GenerationTEXT: How to Avoid Miscommunicating Through Text

GenerationTEXT: How to Avoid Miscommunicating Through Text

Face it – we live in a world where text messaging has become the primary form of communication. According to Pew Research Center, 81% of Americans text regularly. According to Gallup, text is the most used form of communication for American adults under 50. And that makes sense, right? It’s fast, it’s easy, it’s accessible. Bored at a weekly office meeting and it’s your Dad’s birthday? BOOM – send a text. At the movies on a date and your BFF calls? No prob – send a text. In an emerging world full of advanced technology that offers us access to practically everything and anything in merely an instance, text messaging has become the preferred choice of communication over phone calls. Yet, unfortunately, the more immersed we have become with text messaging as the primary form of communication, the more out of touch we have become with human emotion. With text messaging, there’s no way to hear someone’s tone, to see someone’s body language, to see someone’s facial expressions that can easily change the delivery of one’s words. Text messaging opens up the door for different interpretations of the sender’s messages to the recipient, which can often lead to miscommunication. This, I know. As someone who sends and receives on average 3,900 text messages a month, I've had my fair share of lost in translation text messages.

In law school, I was taught that words mean everything. One single word can change the entire meaning behind a legal contract or rule of law. In Caminetti v. US, the Court found that if a statute’s language is plain and clear, “the duty of interpretation does not arise, and the rules which are to aid doubtful meanings needs no discussion.” This construction has been instilled in my head so tightly that I have subconsciously applied it into my personal and professional life, often to my detriment. 

At the top of 2016, I found myself frustrated with the continuous text message I engaged in with family members, friends, co-workers and significant others over trivial miscommunication casualties. I wanted to express my anguish creatively by publishing an article on text message etiquettcy as a way to mitigate this emerging transformation of primary communication and provide guidance as to effective communication with one another via text message. Of course, in doing so, I looked at myself as an effective text message communicator, someone who took the time to be articulate, descriptive, and cognizant of the messages I was sending out to others. In fact, I even began writing a few rules that quickly came to mind based on my experience in text messaging over the years: when sending a text message joke, don’t simply make the joke, provide some indication to the recipient that you are joking, whether it be by adding a simple “lol,” a smiley emoji face, or even by bluntly providing a disclaimer that the message is a joke to leave little room for misinterpretation.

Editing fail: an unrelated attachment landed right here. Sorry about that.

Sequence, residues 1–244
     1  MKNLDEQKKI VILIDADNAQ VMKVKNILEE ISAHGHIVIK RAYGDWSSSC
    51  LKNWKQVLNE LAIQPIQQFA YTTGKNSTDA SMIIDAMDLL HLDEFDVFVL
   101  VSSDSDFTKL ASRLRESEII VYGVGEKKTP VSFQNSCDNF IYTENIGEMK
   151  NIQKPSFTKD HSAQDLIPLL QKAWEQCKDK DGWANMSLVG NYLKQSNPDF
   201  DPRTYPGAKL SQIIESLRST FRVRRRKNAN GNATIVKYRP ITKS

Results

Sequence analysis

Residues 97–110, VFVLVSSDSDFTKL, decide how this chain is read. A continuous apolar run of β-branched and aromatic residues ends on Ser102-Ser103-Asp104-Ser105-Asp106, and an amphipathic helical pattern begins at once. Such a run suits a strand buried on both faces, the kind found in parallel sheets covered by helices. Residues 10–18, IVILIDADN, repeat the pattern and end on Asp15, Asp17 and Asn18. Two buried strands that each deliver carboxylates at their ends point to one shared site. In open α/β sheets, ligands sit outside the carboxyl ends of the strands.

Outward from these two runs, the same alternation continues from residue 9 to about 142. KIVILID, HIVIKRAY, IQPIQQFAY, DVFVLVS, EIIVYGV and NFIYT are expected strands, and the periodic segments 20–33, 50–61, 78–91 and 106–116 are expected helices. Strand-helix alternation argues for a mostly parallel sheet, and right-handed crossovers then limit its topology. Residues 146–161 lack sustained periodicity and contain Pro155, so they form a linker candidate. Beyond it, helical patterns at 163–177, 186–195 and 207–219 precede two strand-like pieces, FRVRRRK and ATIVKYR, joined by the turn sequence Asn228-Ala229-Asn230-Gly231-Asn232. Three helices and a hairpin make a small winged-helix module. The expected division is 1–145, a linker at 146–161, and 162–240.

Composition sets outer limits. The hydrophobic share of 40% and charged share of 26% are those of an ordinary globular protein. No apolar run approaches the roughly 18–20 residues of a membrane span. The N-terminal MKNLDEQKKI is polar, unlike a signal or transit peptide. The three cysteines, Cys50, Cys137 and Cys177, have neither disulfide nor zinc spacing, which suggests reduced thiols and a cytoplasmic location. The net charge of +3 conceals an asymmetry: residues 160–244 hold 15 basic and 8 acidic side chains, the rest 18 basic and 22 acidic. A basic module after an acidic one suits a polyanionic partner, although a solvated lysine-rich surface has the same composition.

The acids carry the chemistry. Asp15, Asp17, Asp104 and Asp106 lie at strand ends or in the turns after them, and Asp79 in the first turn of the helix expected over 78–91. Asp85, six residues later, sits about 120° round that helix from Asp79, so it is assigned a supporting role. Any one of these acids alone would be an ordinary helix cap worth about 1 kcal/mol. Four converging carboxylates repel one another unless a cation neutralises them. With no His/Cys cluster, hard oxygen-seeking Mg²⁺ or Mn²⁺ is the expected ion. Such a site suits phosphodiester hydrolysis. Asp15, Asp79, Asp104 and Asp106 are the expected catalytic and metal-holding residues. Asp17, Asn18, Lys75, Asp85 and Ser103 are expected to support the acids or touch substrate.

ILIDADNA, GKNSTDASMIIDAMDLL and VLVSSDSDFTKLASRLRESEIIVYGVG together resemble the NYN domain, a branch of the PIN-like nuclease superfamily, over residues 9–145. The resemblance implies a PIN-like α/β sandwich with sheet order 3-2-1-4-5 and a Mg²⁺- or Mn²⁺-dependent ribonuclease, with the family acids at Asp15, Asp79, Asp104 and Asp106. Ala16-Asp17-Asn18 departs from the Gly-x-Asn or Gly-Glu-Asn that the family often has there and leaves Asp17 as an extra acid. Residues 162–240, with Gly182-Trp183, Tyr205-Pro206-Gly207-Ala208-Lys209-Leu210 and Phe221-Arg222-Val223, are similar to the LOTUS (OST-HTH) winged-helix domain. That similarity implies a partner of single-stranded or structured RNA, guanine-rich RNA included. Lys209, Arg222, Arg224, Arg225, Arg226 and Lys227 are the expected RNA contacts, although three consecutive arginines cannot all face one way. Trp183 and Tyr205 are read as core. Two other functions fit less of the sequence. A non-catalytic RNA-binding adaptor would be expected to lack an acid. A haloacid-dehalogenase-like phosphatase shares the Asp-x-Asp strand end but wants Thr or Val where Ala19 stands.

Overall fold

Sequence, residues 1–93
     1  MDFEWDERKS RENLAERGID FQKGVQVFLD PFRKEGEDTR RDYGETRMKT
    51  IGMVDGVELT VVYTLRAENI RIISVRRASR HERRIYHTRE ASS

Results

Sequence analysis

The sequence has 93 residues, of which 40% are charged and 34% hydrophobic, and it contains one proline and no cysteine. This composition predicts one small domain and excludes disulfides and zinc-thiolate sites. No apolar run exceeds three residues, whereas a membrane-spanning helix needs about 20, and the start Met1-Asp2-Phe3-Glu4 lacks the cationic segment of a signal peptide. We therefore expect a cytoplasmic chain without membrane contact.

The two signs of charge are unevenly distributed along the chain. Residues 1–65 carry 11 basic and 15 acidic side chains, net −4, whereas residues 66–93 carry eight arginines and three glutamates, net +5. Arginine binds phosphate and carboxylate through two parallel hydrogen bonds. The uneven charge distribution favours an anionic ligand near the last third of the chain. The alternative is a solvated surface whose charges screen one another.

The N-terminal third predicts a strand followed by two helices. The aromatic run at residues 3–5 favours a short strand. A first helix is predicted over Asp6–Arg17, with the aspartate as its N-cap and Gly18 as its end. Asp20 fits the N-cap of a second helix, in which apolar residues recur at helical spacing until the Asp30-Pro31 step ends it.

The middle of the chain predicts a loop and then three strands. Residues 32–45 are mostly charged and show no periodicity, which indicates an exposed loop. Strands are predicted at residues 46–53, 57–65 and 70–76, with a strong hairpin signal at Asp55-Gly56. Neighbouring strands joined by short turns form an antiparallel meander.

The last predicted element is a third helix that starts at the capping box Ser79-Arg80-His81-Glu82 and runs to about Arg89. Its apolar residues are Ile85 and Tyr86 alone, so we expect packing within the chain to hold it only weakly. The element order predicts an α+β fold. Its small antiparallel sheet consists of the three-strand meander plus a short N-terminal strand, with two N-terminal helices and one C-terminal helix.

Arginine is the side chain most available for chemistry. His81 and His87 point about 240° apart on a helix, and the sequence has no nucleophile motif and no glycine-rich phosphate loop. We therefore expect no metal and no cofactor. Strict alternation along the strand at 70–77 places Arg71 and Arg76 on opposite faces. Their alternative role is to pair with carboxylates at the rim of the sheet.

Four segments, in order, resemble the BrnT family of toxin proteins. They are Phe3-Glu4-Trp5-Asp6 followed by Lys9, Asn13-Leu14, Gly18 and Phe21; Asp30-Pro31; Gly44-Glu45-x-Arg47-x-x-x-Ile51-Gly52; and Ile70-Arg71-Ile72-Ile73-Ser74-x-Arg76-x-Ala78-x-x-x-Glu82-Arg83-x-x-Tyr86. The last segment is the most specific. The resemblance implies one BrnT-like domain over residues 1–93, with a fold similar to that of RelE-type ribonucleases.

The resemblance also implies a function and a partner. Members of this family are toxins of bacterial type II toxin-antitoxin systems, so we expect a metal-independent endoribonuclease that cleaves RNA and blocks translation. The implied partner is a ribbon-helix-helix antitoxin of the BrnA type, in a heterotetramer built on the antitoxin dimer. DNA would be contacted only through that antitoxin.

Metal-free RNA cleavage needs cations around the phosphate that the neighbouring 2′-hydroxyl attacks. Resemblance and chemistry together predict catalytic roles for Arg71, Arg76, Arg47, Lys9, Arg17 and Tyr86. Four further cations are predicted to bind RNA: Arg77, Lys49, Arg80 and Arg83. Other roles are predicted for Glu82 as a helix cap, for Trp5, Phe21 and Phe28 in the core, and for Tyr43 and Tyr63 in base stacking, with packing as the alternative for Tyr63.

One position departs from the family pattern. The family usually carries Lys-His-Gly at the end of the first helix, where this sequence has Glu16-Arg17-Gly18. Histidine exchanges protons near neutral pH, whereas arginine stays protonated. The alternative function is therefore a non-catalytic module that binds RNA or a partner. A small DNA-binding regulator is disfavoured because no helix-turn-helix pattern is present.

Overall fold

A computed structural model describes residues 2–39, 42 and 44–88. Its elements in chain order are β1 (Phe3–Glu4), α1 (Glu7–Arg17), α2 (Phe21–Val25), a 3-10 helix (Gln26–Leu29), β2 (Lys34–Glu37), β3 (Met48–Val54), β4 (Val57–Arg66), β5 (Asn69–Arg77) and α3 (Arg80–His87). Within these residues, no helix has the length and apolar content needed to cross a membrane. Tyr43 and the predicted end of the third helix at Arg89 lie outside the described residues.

Then, I met a guy through an online dating app. We messaged back and forth, which turned into us exchanging numbers and text messages. Intimate text message conversations turned into phone calls and FaceTimes, which shortly turned into in-person conversations, dates, and ultimately exclusivity. As things began to blossom between us, and text messaging became more the primary way we communicated during the weekday, we progressively engaged in awkward text message conversations in which somewhere, somehow down the line, not only was he getting lost in SMS translation...but I, the text message guru, was lost as well. 

“I really want to go to the movies this weekend.”

“Oh, ok.”

“What do you mean, ‘oh ok’?”

 …

 "I have the worst hangover ever.”

“Maybe you shouldn’t have drunk so much last night.”

“…was that shade?”

The miscommunication via text messaging became endless.  Sometimes, there were text message battles that started with one misinterpreted message which led to an ongoing, back and forth, exchange of text messages that lasted the entire workday. I, a stickler or the use of words, and he, a more brief and less descriptive text messenger, often found ourselves troubled as to why one was not understanding the other. Subconsciously, I treated the arguments like a trial – I would cross-exam my boyfriend and attempt to discredit his credibility by pointing out his “vague” or “unclear” message with a screenshot as evidence (as if he was not aware of what he sent). Needless to say, this landed us downhill in the relationship.

Over time, I found this similar miscommunication issue was not only impacting my personal life, but my professional life as well. Even in the legal field, amongst other attorneys who are trained to pay attention to detail, miscommunication occurs all the time via e-mails, where one person may provide unclear instructions or assume that the recipient understands the intent of the message. If I had a dollar for every snappy e-mail I received from a superior attorney about me not following some alleged detailed instruction or my lack of accurate interpretation of the law, I would be rich. True to form, I countered those exchanges with the literal quotes by the sender or the literal words of the rule of law applied. This back and forth mantra in the workplace that I at first took great pride in eventually blessed me with a reputation of being argumentative, aggressive and unable to take constructive criticism. I was over it. Completely. I found myself frustrated as to why I was constantly experiencing issues in which I engage in text messaging or e-mail conversation with another person who lacked effective communication or the decency to acknowledge their shortcomings when I have called them out and provided them, specifically, with where they faltered in their vague choice of words. Why leave room for multiple interpretations of what you are intending to communicate? It made sense to me…